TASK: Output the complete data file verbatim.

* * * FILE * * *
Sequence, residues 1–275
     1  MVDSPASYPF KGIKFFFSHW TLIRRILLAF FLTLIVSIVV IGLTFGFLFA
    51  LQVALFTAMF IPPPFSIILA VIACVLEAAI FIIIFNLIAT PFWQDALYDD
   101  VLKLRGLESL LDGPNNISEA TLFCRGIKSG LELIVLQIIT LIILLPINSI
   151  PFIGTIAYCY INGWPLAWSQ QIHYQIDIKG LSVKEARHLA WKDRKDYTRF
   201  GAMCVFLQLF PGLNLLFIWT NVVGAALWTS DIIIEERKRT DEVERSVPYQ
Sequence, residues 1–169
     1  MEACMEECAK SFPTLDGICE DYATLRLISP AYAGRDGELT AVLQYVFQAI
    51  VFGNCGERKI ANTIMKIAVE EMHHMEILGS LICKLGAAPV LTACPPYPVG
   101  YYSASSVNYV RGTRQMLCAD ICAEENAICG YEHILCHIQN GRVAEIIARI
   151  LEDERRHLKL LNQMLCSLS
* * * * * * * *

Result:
Sequence, residues 1–275
     1  MVDSPASYPF KGIKFFFSHW TLIRRILLAF FLTLIVSIVV IGLTFGFLFA
    51  LQVALFTAMF IPPPFSIILA VIACVLEAAI FIIIFNLIAT PFWQDALYDD
   101  VLKLRGLESL LDGPNNISEA TLFCRGIKSG LELIVLQIIT LIILLPINSI
   151  PFIGTIAYCY INGWPLAWSQ QIHYQIDIKG LSVKEARHLA WKDRKDYTRF
   201  GAMCVFLQLF PGLNLLFIWT NVVGAALWTS DIIIEERKRT DEVERSVPYQ
Sequence, residues 1–169
     1  MEACMEECAK SFPTLDGICE DYATLRLISP AYAGRDGELT AVLQYVFQAI
    51  VFGNCGERKI ANTIMKIAVE EMHHMEILGS LICKLGAAPV LTACPPYPVG
   101  YYSASSVNYV RGTRQMLCAD ICAEENAICG YEHILCHIQN GRVAEIIARI
   151  LEDERRHLKL LNQMLCSLS